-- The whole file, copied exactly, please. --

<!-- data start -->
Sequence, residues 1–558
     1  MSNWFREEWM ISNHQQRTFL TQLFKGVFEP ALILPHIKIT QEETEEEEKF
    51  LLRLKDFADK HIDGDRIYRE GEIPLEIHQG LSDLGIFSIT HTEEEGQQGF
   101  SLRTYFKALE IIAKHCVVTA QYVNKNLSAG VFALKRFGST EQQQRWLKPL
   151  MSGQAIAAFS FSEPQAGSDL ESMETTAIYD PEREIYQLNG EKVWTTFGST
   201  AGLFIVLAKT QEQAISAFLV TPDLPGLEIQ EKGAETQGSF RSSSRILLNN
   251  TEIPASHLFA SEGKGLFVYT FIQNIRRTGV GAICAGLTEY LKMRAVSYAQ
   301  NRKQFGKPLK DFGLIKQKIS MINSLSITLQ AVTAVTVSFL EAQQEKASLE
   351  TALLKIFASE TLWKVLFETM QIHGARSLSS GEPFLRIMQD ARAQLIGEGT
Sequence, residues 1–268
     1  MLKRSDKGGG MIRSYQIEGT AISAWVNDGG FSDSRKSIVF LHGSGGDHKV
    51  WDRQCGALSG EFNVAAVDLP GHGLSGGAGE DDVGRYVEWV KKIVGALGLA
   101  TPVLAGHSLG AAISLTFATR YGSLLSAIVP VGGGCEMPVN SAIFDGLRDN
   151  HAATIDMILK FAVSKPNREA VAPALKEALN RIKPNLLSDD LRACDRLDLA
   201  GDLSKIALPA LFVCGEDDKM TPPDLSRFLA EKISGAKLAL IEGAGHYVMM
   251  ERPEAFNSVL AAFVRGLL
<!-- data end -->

Sequence, residues 1–558
     1  MSNWFREEWM ISNHQQRTFL TQLFKGVFEP ALILPHIKIT QEETEEEEKF
    51  LLRLKDFADK HIDGDRIYRE GEIPLEIHQG LSDLGIFSIT HTEEEGQQGF
   101  SLRTYFKALE IIAKHCVVTA QYVNKNLSAG VFALKRFGST EQQQRWLKPL
   151  MSGQAIAAFS FSEPQAGSDL ESMETTAIYD PEREIYQLNG EKVWTTFGST
   201  AGLFIVLAKT QEQAISAFLV TPDLPGLEIQ EKGAETQGSF RSSSRILLNN
   251  TEIPASHLFA SEGKGLFVYT FIQNIRRTGV GAICAGLTEY LKMRAVSYAQ
   301  NRKQFGKPLK DFGLIKQKIS MINSLSITLQ AVTAVTVSFL EAQQEKASLE
   351  TALLKIFASE TLWKVLFETM QIHGARSLSS GEPFLRIMQD ARAQLIGEGT
Sequence, residues 1–268
     1  MLKRSDKGGG MIRSYQIEGT AISAWVNDGG FSDSRKSIVF LHGSGGDHKV
    51  WDRQCGALSG EFNVAAVDLP GHGLSGGAGE DDVGRYVEWV KKIVGALGLA
   101  TPVLAGHSLG AAISLTFATR YGSLLSAIVP VGGGCEMPVN SAIFDGLRDN
   151  HAATIDMILK FAVSKPNREA VAPALKEALN RIKPNLLSDD LRACDRLDLA
   201  GDLSKIALPA LFVCGEDDKM TPPDLSRFLA EKISGAKLAL IEGAGHYVMM
   251  ERPEAFNSVL AAFVRGLL